If resilience was to be explained in scientific terms: It can be explained as follows, “let’s consider a typical plant cell and see what happens when you place it in a saturated solution( solution containing an excessive amounts of solutes) , the plant cell shrinks, becomes smaller in size and temporarily lose form and shape. During the process, its contents are rearranged, altered and functionality ceases to operate. When you take the same plant cell and place it in pure water, the cell regains its contents and gets restored back to its original form.
The plant cell does not die because there is a “resilient force” which prevents it from total annihilation. The plant cell stays dormant until its physiological conditions get restored”. Similarly in the context of resilience in schools, some schools are able to overcome the barriers associated with learning and continue with the production of good results irrespective of external factors. Excellence in simple terms can be described as the ability to do well or the production of positive outcomes. Excellence in schools can be assessed differenty depending on the schools primary purpose.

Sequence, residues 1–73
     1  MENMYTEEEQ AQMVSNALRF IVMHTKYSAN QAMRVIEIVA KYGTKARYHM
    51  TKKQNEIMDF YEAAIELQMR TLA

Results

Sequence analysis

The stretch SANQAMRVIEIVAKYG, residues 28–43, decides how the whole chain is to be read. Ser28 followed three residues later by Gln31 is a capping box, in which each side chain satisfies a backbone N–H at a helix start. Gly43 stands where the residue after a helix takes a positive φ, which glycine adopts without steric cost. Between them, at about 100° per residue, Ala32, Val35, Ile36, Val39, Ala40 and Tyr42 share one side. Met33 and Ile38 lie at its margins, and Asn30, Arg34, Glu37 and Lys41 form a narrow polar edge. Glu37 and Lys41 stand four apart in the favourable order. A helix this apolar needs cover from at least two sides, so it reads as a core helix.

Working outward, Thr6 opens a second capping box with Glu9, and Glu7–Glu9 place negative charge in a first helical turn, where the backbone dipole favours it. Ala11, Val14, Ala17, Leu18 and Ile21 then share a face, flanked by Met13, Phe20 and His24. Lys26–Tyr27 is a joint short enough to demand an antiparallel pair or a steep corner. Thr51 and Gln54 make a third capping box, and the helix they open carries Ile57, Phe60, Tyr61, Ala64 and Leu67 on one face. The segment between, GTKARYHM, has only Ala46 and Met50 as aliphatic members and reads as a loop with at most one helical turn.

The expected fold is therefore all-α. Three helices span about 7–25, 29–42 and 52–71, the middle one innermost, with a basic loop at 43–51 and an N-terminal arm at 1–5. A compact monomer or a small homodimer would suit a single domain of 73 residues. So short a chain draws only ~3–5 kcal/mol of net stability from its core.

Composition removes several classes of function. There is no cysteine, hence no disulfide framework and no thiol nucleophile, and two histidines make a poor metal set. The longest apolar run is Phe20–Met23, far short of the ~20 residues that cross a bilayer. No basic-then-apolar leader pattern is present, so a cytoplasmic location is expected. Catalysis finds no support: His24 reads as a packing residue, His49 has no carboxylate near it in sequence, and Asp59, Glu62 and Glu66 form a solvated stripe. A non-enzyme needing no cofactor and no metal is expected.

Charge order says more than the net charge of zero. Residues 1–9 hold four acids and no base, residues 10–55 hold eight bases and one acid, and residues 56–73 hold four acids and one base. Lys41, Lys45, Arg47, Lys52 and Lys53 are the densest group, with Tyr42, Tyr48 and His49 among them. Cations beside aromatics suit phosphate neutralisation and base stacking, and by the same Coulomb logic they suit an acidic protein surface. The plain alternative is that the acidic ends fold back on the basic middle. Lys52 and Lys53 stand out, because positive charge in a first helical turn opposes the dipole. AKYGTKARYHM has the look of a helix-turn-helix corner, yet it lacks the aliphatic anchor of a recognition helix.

For example schools that do well in mathematics regard themselves as being excellent whereas schools that perform well in Speech and drama also regards themselves also as being excellent. So in actual fact, the description of the excellent depends on the desired outcomes of that particular context. Excellence in schools Resilience in Relation to Excellence Corporal punishment was another way of shaping learners, that mischiveously stood on the way pathway of learners with the willingness to perform to produce outstanding results. (Christie, P, 2001, p52).